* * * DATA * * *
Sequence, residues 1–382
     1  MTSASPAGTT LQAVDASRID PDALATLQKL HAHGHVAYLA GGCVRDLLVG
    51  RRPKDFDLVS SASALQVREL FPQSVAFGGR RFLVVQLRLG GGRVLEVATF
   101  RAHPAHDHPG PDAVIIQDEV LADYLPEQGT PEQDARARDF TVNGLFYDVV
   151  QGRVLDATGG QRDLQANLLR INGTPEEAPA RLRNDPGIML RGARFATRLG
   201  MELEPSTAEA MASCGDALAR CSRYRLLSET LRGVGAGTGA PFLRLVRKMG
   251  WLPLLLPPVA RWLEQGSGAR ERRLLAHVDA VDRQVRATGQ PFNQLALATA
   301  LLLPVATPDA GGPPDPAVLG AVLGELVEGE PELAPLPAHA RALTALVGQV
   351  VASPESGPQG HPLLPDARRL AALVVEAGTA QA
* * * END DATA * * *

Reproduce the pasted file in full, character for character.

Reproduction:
Sequence, residues 1–382
     1  MTSASPAGTT LQAVDASRID PDALATLQKL HAHGHVAYLA GGCVRDLLVG
    51  RRPKDFDLVS SASALQVREL FPQSVAFGGR RFLVVQLRLG GGRVLEVATF
   101  RAHPAHDHPG PDAVIIQDEV LADYLPEQGT PEQDARARDF TVNGLFYDVV
   151  QGRVLDATGG QRDLQANLLR INGTPEEAPA RLRNDPGIML RGARFATRLG
   201  MELEPSTAEA MASCGDALAR CSRYRLLSET LRGVGAGTGA PFLRLVRKMG
   251  WLPLLLPPVA RWLEQGSGAR ERRLLAHVDA VDRQVRATGQ PFNQLALATA
   301  LLLPVATPDA GGPPDPAVLG AVLGELVEGE PELAPLPAHA RALTALVGQV
   351  VASPESGPQG HPLLPDARRL AALVVEAGTA QA